COMMENTARY ON CLAUSE 38
Probing from the surface probably represents the oldest method of investigating the depth to a hard stratum where the overburden is of low strength and not unduly thick. The simplest probe is a sharpened steel rod, which is pushed or driven into the soil until it meets resistance. The method is still of use where it is likely that there are relatively thin layers of low strength soils overlying much higher strength soils, when the thickness of the soft stratum might be determined over a wide area very quickly and economically. The method has many limitations, and a variety of more sophisticated methods have been developed in an attempt to overcome these and to extend the use beyond that of detecting a bearing stratum within the soils present.
38.1 Dynamic probing
COMMENTARY ON 38.1
The apparatus for dynamic probing comprises a sectional rod with a cone fitted at the base of a slightly greater diameter than the rod. It is driven into the ground by a constant mass that is allowed to fall on the rod through a constant distance, and arranged such that the mass falls through the constant distance without the operator having to use their judgement in any way. This is usually achieved using a mechanical latch on machine-driven equipment and mechanical indication on hand-operated apparatus. The number of blows to drive the tip a given distance is recorded as the blow count. The process is repeated throughout a profile. Dynamic probing using small track mounted machines (generally used also for dynamic sampling) and hand-operated equipment, provides an indication of stratigraphy and ground strength.
Interpolation of data between boreholes using site specific correlations with known ground property data might be possible. Where a ground investigation has been carried out by exploratory holes, it might be possible to use dynamic probing to check rapidly and cheaply that conditions on neighbouring positions are similar. As with other types of penetrometer, probing can give unreliable results in soils containing cobbles or boulders, which can easily be mistaken for bedrock. The main limitation of dynamic probing is that the soil being tested cannot be identified, although sampling techniques using the machine operated equipment have been developed. Some examples of the use and interpretation of dynamic probing results are given in BS EN 1997-2:2007, particularly Annex G, and NA to BS EN 1997-2, but these correlations have not all been proven in UK conditions.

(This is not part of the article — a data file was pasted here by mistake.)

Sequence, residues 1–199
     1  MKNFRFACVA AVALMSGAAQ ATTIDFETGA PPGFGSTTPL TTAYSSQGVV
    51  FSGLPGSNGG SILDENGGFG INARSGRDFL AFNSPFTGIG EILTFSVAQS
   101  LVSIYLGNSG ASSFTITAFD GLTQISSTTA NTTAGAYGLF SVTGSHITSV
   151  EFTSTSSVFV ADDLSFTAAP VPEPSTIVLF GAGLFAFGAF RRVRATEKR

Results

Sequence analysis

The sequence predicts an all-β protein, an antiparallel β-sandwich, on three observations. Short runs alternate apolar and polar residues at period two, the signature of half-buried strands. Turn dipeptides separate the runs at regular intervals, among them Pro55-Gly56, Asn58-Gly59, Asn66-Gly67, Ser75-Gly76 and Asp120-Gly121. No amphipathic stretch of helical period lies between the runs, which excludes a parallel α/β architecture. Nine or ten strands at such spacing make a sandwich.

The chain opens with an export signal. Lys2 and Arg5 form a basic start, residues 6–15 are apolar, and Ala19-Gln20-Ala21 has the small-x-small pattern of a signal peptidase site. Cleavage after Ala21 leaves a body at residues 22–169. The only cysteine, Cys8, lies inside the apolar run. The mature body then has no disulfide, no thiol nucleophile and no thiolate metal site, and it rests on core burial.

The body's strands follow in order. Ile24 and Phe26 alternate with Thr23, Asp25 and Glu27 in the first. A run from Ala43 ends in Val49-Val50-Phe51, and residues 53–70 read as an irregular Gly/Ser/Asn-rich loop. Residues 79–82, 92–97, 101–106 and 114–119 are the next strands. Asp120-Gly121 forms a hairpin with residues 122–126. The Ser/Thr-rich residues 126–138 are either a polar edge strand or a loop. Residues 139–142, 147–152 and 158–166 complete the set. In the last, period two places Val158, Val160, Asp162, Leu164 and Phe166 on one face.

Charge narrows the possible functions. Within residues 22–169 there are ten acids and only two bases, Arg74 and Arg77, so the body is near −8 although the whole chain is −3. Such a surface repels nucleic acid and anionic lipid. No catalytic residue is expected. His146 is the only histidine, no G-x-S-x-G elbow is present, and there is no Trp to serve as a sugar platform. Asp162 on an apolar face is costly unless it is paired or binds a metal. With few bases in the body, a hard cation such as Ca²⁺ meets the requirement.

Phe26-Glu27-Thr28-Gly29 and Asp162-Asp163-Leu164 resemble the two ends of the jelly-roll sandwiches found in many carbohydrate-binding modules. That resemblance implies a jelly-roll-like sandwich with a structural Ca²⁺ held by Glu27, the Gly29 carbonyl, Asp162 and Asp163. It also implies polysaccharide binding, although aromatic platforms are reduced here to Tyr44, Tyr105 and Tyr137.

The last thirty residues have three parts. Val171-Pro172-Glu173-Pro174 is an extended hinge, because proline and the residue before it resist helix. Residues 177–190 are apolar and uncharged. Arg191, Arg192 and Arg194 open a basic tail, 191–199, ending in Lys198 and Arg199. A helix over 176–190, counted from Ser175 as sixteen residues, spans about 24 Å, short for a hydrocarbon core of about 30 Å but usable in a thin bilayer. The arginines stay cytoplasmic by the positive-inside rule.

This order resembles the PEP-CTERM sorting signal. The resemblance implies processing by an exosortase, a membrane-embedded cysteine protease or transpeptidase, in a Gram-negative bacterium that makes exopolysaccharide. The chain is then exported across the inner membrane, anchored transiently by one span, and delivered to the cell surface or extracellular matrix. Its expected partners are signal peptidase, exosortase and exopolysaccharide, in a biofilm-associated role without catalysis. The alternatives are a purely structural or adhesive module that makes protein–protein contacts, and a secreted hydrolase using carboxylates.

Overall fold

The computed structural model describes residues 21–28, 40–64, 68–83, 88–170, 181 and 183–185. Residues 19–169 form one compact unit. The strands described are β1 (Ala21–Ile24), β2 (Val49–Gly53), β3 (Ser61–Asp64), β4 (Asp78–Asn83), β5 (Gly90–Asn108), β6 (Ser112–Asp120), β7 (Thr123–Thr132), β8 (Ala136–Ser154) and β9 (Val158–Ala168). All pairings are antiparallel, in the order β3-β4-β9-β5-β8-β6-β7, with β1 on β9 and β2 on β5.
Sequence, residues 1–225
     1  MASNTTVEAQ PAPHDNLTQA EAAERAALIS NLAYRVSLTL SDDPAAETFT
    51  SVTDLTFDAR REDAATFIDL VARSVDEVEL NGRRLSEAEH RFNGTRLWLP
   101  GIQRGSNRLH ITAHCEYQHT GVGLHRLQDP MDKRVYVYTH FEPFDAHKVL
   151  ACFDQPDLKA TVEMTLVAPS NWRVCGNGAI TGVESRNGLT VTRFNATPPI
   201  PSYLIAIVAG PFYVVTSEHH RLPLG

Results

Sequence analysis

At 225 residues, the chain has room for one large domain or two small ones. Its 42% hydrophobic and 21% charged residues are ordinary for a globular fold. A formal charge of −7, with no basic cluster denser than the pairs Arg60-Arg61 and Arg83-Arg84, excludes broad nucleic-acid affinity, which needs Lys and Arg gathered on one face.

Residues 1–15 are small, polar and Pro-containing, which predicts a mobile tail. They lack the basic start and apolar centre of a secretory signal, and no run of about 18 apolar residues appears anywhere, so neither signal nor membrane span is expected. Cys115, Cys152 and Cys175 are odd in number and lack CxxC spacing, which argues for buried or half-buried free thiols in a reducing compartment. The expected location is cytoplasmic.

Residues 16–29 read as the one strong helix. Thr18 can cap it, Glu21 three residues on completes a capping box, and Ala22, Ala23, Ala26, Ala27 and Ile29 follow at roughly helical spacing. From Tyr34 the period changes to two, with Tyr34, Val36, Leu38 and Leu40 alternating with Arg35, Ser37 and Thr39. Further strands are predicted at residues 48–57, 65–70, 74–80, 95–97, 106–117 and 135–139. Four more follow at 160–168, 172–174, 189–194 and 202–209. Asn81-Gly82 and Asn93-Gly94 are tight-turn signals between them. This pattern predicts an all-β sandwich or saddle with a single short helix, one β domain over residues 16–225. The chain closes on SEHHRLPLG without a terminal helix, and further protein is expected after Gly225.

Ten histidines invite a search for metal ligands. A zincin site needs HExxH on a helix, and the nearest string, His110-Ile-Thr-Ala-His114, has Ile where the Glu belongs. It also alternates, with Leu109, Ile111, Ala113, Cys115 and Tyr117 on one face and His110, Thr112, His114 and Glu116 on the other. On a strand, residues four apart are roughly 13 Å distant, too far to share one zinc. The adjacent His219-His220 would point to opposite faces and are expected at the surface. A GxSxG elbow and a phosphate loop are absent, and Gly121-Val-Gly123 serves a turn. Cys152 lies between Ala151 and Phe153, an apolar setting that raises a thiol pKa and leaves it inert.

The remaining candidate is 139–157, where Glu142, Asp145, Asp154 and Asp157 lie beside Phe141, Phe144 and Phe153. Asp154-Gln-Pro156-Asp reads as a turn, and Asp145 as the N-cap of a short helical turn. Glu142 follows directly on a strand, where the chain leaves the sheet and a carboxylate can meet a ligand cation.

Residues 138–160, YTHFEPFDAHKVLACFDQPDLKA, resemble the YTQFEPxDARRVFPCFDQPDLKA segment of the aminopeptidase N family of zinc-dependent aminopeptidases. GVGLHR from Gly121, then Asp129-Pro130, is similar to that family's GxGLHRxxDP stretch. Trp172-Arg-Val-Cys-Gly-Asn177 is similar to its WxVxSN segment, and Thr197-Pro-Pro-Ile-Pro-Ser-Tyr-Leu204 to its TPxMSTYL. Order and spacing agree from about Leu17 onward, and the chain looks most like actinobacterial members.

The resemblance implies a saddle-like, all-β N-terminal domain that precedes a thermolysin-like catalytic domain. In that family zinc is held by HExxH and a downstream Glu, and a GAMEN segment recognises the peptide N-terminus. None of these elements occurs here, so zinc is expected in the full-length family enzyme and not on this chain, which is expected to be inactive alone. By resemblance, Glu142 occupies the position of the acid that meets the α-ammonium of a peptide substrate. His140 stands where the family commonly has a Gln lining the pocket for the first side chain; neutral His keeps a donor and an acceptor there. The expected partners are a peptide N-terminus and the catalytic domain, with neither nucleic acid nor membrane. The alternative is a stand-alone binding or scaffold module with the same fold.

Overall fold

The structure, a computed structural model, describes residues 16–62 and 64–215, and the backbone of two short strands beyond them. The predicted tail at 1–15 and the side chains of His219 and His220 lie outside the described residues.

The selection of the type of dynamic probe apparatus to be used and the method of working should be carried out in accordance with BS EN ISO 22476-2, BS EN 1997-2 and NA to BS EN 1997-2. The basis for the selection of which type is to be used should be that the driving energy (hammer mass and height of fall) is appropriate for the ground conditions anticipated.
There have been changes to some of the configurations commonly used in the UK and care should be taken to ensure that the correct name is assigned to the configuration being used.
The results of dynamic probing may be correlated with the results of other types of field test and/or used to estimate various soil parameters. Some correlations are given in BS EN 1997-2; these are subject to the caveats in NA to BS EN 1997-2. Where these and other published correlations are used, care should be taken to ensure that they are applicable for the driving energy of the dynamic probing apparatus used.
NOTE The fact that the rod is slightly smaller in diameter than the base of the cone to some extent prevents shaft friction influencing the results. In some soils where the hole closes in on the rods this factor is to be taken into account. One method is to correlate the torque measurements, which have been taken as part of the test before each new extension rod is added, with the blow count and subtract this from the measured blow count (see Butcher, McElmeel and Powell, 1995 ). Shaft friction can be eliminated or substantially reduced by boring a hole to the depth required for each test, or by providing the exterior of the rods with either a sleeve or a lubricating mud injected behind the cone. The size of the cone, mass of hammer and the distance through which the constant mass is allowed to fall have only recently been standardized in the UK, so there is only limited practical experience behind the test, although some published data are available linking the results of certain tests with soil parameters determined by other methods (see Butcher, McElmeel and Powell, 1995 ). Cone size and hammer weight are available in different configurations so as to ensure various ground types can be penetrated and measureable results obtained (see BS EN ISO 22476-2).
Other "non-standardized" dynamic probing devices exist and may be used, where appropriate; the most commonly used in the UK is the Mackintosh Probe (see Clayton et al., 1995 ); with this device the hammer is lifted by hand and the driving energy sometimes declines due to operator fatigue. Care should be taken when these devices are used for anything other than generalized profiling.
38.2 Dynamic cone penetrometer
COMMENTARY ON 38.2
The dynamic cone penetrometer (DCP) is a type of dynamic probe intended, primarily, to obtain values of California Bearing Ratio by correlation. There is no formal standard for this test but it is described in Design manual for roads and bridges, Vol 7 . The DPC results are presented as penetration/blow, i.e. the inverse of general practice for dynamic probing in 38.1. A summary of the history of its development and a review of the published correlations is given in Booth, Keeton and Gosling, 2008 .
In the absence of a standard, the test should be carried out and the data processed following the guidance given by the Highways Agency or in the manufacturer's literature. The correlation adopted should be appropriate to the cone used for the test but even so the results should be treated with caution.